Also, it is while in sleep that humans produce the growth hormone that helps us to grow during childhood, but in adulthood assists with strengthening our bones and increasing our muscle mass. Without this growth hormone, adults will appear less firm in body tone, contributing to an advanced age appearance. Our tissues cannot heal properly without adequate sleep, and the resulting injuries and prolonged rehabilitation can mimic that found in older people.

And let’s face it, not getting enough sleep also promotes swollen, dark, bruise-like bags under the eyes and bloodshot eyes, which can also make us appear older than we are.

10.  Partners of snorers lose an hour of sleep each day

If you have a partner that snores, it won’t surprise you that you’re likely awakened throughout every night upwards of 20 times by the noise. These sleep interruptions can translate into an average loss of an hour of sleep per day. You will also sleep more lightly because of the frequent interruptions, and likely will have difficulty maintaining deep sleep statuses that provide the most restorative benefits to the human body.

Your partner is also getting less quality sleep, because they are waking themselves up and preventing their bodies from succumbing to deep sleep. People who snore are at a higher risk of certain health issues, such as sleep apnea, where they may stop breathing while sleeping. Sleep apnea can lead to heart disease, stroke, and high blood pressure.

11.  Sleep deprivation impacts job performance

The same symptoms that mark intoxication—loss of decision making capabilities, unsteadiness, loss of control—also make working while deprived of sleep dangerous. For people who work in such professions as health care and heavy machine operation, the mistakes that can be made because of a lack of sleep can be fatal.

Workers who don’t get enough sleep are also more likely to become sick and miss work due to illness on a more frequent basis than those who get adequate rest. If employees are sleeping on their jobs, even for a few minutes, there is a reduction in productivity.

The lack of sleep by key players in the workplace has been partially to blame for several of the largest disasters in our modern history, including the nuclear reactor failure at Chernobyl, the Exxon Valdez occurrence, and the crashing of the Challenger space shuttle.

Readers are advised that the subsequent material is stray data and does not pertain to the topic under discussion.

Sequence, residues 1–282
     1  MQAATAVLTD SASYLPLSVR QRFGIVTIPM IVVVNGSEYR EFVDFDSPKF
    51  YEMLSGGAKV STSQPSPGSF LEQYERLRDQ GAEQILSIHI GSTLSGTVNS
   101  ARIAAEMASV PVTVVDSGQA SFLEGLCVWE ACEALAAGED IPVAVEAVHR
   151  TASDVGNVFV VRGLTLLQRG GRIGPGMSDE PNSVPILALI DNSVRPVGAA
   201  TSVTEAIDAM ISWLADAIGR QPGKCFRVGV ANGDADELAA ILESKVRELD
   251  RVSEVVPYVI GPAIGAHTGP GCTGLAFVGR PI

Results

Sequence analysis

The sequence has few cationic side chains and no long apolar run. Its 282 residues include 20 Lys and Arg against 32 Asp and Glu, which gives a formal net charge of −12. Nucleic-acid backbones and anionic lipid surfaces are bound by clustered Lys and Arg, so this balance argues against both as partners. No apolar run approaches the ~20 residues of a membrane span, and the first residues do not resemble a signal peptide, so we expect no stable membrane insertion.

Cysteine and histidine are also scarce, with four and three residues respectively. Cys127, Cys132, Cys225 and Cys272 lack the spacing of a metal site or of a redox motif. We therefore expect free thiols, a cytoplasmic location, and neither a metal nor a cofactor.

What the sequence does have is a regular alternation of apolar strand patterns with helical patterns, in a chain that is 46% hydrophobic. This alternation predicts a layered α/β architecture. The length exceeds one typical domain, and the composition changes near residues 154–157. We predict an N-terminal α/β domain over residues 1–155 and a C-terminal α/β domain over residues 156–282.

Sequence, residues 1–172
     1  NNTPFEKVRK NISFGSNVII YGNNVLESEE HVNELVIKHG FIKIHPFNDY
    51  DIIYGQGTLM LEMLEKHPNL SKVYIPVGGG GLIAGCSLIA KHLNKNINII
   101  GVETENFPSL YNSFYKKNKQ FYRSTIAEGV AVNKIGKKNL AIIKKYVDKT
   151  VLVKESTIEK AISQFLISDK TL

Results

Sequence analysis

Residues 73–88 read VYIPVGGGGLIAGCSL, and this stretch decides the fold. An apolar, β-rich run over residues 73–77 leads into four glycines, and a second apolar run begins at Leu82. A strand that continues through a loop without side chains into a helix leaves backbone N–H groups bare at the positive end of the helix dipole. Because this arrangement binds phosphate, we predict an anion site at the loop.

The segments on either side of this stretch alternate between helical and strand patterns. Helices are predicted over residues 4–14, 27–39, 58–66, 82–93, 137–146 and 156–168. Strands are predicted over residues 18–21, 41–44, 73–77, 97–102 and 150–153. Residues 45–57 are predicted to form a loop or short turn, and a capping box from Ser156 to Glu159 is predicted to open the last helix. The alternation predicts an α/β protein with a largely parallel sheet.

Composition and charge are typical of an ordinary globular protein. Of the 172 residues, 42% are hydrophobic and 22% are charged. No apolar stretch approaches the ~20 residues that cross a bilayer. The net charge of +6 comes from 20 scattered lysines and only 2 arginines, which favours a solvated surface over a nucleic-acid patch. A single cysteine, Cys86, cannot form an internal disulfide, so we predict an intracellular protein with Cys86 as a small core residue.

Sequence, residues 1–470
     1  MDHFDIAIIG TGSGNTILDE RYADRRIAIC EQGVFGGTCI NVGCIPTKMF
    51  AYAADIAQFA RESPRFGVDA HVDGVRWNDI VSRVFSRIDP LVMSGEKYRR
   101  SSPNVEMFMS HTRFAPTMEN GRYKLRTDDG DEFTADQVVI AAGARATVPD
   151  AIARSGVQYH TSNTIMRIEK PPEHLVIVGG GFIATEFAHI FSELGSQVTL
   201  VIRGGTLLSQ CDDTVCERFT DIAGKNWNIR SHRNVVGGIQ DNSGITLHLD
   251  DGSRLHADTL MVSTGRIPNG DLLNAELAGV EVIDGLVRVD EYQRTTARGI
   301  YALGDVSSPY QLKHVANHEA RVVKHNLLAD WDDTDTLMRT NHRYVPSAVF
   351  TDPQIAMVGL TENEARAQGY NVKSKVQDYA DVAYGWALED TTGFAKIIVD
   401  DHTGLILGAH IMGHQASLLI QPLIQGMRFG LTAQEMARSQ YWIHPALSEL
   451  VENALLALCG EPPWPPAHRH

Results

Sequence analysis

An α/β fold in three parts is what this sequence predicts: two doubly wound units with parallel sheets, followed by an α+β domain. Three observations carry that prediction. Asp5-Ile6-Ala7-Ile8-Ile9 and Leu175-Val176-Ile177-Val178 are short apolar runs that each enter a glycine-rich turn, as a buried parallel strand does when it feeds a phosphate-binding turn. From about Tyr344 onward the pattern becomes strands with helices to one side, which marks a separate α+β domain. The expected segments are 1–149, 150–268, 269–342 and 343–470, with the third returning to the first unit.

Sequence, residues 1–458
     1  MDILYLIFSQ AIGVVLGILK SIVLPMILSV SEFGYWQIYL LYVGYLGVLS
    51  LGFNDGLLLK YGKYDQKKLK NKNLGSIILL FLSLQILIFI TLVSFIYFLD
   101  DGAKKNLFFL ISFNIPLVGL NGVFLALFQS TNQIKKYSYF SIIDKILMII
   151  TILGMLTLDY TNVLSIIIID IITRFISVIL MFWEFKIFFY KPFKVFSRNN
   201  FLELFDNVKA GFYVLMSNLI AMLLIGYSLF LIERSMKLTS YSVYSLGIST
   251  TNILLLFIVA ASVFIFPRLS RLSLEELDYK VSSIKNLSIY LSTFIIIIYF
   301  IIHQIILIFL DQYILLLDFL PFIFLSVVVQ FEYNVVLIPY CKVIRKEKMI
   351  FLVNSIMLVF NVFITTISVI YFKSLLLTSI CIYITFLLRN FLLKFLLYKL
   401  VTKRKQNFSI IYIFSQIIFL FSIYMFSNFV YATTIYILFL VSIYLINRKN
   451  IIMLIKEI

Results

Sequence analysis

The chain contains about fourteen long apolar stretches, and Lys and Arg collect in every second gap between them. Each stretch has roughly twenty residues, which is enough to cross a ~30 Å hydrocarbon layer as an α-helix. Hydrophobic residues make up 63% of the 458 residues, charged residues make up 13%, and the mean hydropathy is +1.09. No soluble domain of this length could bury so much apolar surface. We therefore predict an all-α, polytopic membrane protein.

12.  Counting sheep doesn’t help most people fall asleep

Despite the old wives tale of counting sheep being a definite cure for insomnia, studies have found that the act likely does not involve enough concentration to be truly effective. People who cannot sleep and attempt to count sheep still might prone to intruding stress and thoughts that make them anxious and prolong their inability to fall asleep.

Performing a more detailed task, such as counting backwards by an uncommon number, may be more effective. If none of the counting exercises work, experts suggest that you simply get out of bed if you do not feel tired enough to fall asleep within a certain amount of time. Engaging in a non-stimulating activity can help reduce the stress caused by the anxiety you may feel at not being able to sleep.

Another way to combat insomnia effectively is to practice relaxation techniques and creating a bedtime ritual. Many adults resort to using sleeping pills to get to sleep every night, and while this can be an effective short term solution to help catch up on sleep, medications should not be used long term because they can promote dependence on them and cause other health issues as the side effects.

13.  Less sleep contributes to diabetes and heart issues

Not getting enough sleep can result in the body’s fat cells not being receptive to insulin, which helps to regulate the blood sugar. Diabetes is the condition that results when the body cannot properly use insulin to convert glucose to energy to fuel the body.

Sleep deprivation can also affect the ability of the blood vessels to function properly. If these vital throughways do not dilate the way they should and promote healthy blood flow to and from the heart, adequate blood will not travel to promote a healthy cardiovascular system.

Sleep apnea, which is a sleeping disorder caused by breaks in the breathing pattern, also occur in people who are at a higher risk of heart disease.

14.  Sleep deprivation impacts memory and attention span

Experts have discovered that while humans sleep, there is organization and processing of new information going on inside the brain. The events of the day are stored away and the state of sleep allows these events to be stored as memories. Knowledge is based on memorized information. If sleep does not occur, this storing process does not take place, and details are more likely to be forgotten.

Someone who is sleep deprived may also have a difficult time paying attention to tasks and concentrating on learning new information. Studies have shown that students who get adequate rest before a test perform better than those who pull all night study sessions in efforts to cram for the exams.

15.  Not getting enough sleep is a major symptom in mental health disorders